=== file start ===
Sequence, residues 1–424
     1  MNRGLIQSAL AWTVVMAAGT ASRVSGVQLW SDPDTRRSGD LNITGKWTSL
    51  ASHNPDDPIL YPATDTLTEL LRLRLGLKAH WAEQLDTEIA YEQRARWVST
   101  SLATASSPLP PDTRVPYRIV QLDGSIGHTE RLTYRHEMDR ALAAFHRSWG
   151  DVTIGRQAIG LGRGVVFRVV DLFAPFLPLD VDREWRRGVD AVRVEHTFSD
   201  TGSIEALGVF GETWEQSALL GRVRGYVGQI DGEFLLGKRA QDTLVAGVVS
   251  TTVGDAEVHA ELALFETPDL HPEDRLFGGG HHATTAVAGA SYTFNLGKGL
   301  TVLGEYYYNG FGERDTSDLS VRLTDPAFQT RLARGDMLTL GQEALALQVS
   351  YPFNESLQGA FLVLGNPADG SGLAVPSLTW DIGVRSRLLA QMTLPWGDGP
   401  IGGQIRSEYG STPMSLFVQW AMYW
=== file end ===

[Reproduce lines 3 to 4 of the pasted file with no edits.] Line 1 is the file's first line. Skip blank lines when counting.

    51  ASHNPDDPIL YPATDTLTEL LRLRLGLKAH WAEQLDTEIA YEQRARWVST
   101  SLATASSPLP PDTRVPYRIV QLDGSIGHTE RLTYRHEMDR ALAAFHRSWG